We had troubled a lot to find this achievement of the Armenians among so many huge buildings around. Went out to visit Old Dhaka and after seeing the Rose Garden, I was disappointed because the Rose Garden is currently closed (renovation is in progress). Later I thought I should explore the rest of the surrounding areas. The Armenian church came to mind. From the Rose Garden, I headed towards the church with the help of Google Maps. You can also go by rickshaw if you want. 70-80 Tk fare will be charged from Rose Garden. The strangest thing is that when I went to Armanitola and wanted to know where this church was, no one could tell me. Because of so large population in old Dhaka, these architectural monuments remain hidden from the eyes. However, I found the church. The entrance to the church is kept locked. A man came forward to look after us and opened the gate lock. It is mandatory to enter the name and phone number in the entry book before entering. After completing the formalities I went inside. the first thing we saw were rows of graves. This place was originally a cemetery for Armenians, later it was built as a church. Each tomb has an epitaph (write a poem/line for the dead person) soaked in the love of loved ones. This beautiful white and gold colored church has balconies on both sides and also many tombs on the balconies. The burial places have been marked. The epitaphs have been erased by human feet. Most of the graves are slightly above the footpath and each grave is inscribed with the deceased’s name, year of birth, date of death, and a small message from friends or loved ones. When I read these writings, suddenly my eyes were full of tears. Not all of the epitaphs are in a condition to be read. Most of them are faded because they are so old. There are also graves from the 16th century. I got lost for a while visiting this cemetery on foot. Leaving behind so many memories of loved ones may not have been so pleasant for Armenians.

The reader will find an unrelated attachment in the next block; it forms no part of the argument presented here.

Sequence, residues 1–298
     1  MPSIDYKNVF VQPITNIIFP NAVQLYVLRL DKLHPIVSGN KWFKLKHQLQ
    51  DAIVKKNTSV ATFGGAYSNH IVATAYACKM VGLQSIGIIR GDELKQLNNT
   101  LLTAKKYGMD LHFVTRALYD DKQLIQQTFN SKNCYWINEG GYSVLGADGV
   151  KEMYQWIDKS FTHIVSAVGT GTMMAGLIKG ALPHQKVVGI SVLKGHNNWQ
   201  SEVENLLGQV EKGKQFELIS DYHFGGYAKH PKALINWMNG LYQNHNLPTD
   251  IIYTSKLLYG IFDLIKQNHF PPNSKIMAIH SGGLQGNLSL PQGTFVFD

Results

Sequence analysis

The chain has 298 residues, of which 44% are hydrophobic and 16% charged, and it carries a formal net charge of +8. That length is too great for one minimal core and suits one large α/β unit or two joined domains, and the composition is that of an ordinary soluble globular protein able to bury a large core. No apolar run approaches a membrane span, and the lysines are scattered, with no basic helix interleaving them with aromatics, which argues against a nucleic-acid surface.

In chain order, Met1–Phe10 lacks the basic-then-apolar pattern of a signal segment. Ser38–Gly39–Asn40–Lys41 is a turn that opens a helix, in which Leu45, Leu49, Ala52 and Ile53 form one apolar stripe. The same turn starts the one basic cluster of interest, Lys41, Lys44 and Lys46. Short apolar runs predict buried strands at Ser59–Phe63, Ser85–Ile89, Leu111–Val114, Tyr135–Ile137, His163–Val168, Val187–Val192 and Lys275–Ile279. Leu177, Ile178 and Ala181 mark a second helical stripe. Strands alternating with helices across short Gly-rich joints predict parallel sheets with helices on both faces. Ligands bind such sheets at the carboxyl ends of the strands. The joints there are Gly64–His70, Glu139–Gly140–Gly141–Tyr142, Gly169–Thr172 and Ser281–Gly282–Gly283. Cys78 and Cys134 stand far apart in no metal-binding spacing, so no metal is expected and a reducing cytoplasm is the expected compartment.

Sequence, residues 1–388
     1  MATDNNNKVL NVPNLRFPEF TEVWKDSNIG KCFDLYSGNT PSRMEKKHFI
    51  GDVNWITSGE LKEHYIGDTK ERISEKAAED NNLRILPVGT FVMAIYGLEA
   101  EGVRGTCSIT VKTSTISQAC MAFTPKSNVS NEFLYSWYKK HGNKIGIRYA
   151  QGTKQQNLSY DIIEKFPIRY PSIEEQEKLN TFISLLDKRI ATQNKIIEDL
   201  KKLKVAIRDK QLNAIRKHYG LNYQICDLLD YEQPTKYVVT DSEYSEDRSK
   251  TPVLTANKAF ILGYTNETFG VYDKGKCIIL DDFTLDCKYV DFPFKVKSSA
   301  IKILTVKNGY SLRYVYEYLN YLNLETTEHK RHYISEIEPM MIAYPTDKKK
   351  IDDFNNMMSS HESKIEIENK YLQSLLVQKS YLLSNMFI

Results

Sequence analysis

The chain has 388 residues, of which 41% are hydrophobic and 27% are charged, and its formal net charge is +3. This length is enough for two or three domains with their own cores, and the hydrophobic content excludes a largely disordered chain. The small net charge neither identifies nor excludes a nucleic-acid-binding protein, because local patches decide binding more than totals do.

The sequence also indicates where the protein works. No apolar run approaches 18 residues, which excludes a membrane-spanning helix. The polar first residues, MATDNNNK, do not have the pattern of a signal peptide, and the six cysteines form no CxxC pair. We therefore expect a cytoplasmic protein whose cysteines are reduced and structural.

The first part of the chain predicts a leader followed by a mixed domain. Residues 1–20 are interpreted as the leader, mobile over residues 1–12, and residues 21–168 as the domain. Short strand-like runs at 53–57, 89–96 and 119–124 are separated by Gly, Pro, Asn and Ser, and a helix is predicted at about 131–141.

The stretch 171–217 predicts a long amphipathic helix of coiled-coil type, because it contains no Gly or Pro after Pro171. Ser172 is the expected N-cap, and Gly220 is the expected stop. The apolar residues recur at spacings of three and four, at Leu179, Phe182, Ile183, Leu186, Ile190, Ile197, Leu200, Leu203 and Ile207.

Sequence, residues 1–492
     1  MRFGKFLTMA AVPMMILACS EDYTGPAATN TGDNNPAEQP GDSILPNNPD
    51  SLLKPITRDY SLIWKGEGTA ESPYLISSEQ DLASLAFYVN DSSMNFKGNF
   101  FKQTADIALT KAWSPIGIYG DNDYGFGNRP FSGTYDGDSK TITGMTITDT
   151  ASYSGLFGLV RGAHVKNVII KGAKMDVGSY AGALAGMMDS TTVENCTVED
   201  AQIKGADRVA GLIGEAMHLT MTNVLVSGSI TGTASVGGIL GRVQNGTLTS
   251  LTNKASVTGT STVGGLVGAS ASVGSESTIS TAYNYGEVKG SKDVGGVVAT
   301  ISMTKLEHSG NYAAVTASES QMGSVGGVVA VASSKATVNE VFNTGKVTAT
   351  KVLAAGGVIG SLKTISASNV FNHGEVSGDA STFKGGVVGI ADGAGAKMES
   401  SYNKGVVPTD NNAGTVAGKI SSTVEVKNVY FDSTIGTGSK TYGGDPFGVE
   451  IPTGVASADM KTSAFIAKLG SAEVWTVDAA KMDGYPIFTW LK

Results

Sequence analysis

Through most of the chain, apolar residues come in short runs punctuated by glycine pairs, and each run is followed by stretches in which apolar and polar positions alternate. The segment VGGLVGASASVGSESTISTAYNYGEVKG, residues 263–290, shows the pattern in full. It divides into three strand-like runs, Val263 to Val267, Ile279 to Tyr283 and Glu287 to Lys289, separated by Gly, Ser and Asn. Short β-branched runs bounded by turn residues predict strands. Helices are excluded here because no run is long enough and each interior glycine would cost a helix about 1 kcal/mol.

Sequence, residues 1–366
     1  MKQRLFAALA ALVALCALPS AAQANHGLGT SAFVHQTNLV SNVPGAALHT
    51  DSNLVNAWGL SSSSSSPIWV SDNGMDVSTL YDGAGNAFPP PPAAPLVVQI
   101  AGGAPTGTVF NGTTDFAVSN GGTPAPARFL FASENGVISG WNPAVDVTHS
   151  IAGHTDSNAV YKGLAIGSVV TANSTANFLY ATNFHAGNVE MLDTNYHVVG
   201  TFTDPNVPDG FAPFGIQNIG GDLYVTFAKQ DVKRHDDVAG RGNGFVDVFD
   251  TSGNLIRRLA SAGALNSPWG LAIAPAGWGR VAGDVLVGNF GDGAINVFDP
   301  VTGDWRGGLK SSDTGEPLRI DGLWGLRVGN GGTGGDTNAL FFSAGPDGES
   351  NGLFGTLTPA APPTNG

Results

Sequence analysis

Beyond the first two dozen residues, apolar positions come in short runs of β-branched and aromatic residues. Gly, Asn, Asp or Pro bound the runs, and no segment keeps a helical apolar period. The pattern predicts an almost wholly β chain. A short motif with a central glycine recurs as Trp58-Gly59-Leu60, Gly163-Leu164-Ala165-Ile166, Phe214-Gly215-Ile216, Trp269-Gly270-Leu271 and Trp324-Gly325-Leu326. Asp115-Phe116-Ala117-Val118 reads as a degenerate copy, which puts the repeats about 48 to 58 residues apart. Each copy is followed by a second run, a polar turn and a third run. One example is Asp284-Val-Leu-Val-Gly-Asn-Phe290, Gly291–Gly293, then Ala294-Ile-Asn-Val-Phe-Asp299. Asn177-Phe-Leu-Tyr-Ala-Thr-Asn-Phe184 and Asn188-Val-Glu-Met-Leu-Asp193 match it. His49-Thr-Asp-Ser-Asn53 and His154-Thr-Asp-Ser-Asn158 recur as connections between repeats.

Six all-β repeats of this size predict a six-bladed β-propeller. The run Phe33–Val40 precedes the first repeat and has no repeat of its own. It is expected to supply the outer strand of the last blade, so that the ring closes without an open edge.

armenian church